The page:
Believe and venture: as for pledges, The Gods give none.
Belief in the living Lord and in a life eternal is the act of the freedom which is born of God. As the crucified and risen one Jesus was the Lord. While this confession of belief in him expressed a man’s whole relation to him, it also afforded endless matter for thought and speculation. This conception of the “Lord” came to embrace the many-sided image of the Messiah and all the Old Testament prophecies of a similar kind. But as yet no ecclesiastical “doctrines” about him had been elaborated; everyone who acknowledged him as the Lord belonged to the community.
2. Religion as an actual experience. — The second characteristic feature of the primitive community is that every individual in it, even the very slaves, possess a living experience of God. This is sufficiently remarkable; for at first sight we might think that all this devotion to Christ, and this unconditional reverence for him, must necessarily have resulted in all religion becoming a punctilious subjection to his words, and so a kind of voluntary servitude. But the Pauline epistles and the Acts of the Apostles give us quite a different picture. While they do, indeed, attest the fact that Jesus’ words were held in unqualified reverence, this fact is not the most prominent feature in the picture of earliest Christendom. What is much more characteristic is that individual Christians, moved by the Spirit of God, are placed in a living and entirely personal relation to God Himself. Dr. Weinel has lately presented us with a fine work on the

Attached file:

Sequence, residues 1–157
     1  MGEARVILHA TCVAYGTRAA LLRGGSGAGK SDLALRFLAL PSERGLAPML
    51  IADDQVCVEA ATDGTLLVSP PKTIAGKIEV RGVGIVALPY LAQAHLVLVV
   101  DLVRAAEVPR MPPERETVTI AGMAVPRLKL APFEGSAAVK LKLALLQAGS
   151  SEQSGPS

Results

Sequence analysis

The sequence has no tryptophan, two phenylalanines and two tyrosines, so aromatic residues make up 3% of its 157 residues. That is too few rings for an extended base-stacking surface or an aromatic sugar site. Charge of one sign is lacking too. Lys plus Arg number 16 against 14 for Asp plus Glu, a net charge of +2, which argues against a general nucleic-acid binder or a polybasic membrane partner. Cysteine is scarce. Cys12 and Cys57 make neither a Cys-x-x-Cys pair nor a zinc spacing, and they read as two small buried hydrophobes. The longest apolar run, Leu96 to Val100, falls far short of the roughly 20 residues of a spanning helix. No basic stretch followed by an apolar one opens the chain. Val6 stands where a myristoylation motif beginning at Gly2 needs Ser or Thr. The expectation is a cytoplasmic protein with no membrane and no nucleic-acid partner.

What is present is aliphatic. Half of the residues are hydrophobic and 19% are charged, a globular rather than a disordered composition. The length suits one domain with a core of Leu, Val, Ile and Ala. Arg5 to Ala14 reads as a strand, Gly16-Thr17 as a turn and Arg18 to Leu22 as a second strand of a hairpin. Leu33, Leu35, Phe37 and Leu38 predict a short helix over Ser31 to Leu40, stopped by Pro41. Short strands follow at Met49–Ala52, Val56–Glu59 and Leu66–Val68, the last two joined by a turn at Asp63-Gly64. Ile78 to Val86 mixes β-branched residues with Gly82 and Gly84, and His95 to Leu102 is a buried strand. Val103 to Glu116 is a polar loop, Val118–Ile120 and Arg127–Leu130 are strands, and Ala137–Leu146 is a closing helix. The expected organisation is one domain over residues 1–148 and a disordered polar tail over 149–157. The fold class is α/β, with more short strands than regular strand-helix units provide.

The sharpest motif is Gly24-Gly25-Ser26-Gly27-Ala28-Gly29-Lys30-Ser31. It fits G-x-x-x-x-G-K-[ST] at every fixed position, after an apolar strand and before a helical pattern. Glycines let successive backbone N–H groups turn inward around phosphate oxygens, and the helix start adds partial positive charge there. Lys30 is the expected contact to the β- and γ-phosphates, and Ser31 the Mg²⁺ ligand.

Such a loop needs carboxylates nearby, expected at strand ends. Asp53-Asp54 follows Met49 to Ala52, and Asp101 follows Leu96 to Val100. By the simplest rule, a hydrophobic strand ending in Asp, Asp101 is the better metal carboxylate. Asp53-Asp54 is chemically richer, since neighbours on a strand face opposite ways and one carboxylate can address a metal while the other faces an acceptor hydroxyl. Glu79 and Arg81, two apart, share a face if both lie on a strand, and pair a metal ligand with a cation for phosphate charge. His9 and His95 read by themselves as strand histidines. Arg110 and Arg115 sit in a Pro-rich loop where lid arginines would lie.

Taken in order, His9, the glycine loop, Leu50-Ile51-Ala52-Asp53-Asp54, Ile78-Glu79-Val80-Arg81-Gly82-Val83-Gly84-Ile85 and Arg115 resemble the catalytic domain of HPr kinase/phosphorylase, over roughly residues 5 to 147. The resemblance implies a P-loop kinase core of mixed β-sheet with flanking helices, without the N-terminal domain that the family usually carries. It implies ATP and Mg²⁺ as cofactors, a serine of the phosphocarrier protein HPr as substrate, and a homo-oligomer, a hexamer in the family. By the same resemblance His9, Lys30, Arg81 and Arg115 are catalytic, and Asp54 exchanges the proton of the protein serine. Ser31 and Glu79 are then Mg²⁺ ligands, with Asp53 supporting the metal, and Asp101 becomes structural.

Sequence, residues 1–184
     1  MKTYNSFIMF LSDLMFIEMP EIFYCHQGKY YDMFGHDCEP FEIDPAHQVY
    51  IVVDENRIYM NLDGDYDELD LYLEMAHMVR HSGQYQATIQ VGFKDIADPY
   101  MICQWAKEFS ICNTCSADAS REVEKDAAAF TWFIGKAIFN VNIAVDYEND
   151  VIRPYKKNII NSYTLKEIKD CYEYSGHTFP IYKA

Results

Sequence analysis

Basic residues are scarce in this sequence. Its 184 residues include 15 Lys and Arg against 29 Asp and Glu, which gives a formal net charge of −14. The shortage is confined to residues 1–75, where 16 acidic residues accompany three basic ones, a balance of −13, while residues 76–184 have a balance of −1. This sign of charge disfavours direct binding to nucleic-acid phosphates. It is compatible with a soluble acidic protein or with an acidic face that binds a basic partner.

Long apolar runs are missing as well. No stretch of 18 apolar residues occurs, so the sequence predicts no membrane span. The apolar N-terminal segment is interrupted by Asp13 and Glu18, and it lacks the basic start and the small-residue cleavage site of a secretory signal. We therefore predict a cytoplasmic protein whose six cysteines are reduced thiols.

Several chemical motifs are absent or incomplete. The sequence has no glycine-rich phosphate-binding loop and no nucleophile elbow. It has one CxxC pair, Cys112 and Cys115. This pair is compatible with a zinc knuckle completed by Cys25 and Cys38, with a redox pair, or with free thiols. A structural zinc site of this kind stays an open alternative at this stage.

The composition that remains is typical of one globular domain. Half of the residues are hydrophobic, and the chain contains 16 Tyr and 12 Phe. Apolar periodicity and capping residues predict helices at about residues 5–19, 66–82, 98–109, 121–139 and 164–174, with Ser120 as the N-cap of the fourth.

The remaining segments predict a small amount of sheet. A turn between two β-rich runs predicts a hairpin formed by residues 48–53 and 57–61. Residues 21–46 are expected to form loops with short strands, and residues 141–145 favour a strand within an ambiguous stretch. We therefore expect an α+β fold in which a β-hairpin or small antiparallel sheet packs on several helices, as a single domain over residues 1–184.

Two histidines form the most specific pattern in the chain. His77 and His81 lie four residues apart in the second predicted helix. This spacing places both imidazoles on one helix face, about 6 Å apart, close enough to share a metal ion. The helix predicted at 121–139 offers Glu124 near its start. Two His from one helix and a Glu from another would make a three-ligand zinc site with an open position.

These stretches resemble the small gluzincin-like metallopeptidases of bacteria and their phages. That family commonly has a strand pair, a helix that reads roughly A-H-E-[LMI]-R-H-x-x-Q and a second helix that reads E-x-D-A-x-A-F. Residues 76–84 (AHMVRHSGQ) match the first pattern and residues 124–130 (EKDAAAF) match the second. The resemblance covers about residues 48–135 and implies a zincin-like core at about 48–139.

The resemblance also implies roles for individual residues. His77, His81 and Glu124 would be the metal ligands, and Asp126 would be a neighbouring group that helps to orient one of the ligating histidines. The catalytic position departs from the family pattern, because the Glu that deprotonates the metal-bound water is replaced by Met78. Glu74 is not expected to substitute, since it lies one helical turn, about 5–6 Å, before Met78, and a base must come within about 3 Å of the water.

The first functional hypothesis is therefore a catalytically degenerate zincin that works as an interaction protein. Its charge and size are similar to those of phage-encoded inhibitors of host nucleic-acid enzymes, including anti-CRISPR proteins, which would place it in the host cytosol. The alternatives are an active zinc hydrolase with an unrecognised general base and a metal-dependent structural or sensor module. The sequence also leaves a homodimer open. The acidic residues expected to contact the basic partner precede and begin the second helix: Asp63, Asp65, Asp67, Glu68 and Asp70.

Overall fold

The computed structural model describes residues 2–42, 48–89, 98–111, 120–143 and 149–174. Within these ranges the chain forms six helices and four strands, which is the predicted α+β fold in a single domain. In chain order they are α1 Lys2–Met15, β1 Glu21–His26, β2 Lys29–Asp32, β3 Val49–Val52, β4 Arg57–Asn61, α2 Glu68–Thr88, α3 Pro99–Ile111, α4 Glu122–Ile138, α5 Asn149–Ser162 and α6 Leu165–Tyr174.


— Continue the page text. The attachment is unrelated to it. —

“Workings of the Spirit and the Spirits in the post-apostolic age.” It contains many passages which take us back to the apostolic age and treat in greater detail of the matters which Professor Gunkel has so impressively placed before us in his treatise on “The Holy Ghost.” The neglected problems of the extent to which, and the forms in which, the Spirit exercised an influence on the life of the early Christians, and of the view to be taken of the phenomena connected with this influence, are admirably discussed by Dr. Weinel. In substance, his conclusion is that the expressions “receiving” and “acting by” the Holy Ghost signify such an independence and immediacy of religious life and feeling, and such an inner union with God, perceived to be the mightiest reality, as could not have been expected from strict subjection to Jesus’ authority. To be the child of God and to be gifted with the Spirit are simply the same as being a disciple of Christ. That a man is not truly a disciple unless he’ is pervaded by God’s Spirit is a point which the “Acts of the Apostles” fully recognises. The pouring out of the Holy Spirit is placed in the forefront of the narrative. The author is conscious that the Christian religion would not be the highest and the ultimate religion, unless it brought every individual into an immediate and living connexion with God. This mutual union of a full obedient subjection to the Lord with freedom in the Spirit is the most important feature in the distinctive character of this religion and the seal of its greatness. The workings of the Spirit were shown everywhere, in the entire domain of the five senses, in the sphere of will and action, in profound philosophical speculation, and in the most delicate appreciation of the facts of the moral life. The elementary forces of the religious temperament, long held in check by systems of doctrine and the ceremonies of public worship, were again set free. They showed themselves in ecstatic phenomena, in signs and wonders, in an enhancement of all the functions of life, down to conditions of a pathological and suspicious character. The fact, however, was not forgotten—and where it threatened to be obscured it was strongly impressed on people’s attention—that those strange and violent phenomena were individual, but that side by side with them there are workings of the Spirit which are bestowed upon every one and with which no one can dispense. But “The fruit of the Spirit,” as the apostle Paul writes, “is love, joy, peace, longsuffering, gentleness, goodness, faith, meekness, temperance.” The other feature in the distinctive character and greatness of this religion is that it does not overestimate the elementary strength which gave it birth; that it makes its spiritual purport and its discipline triumph -over all states of ecstacy; and that it holds immoveable to its conviction that the Spirit of God, however it may reveal itself, is a Spirit of holiness and of love. But here we have already passed to the third feature which characterises early Christendom.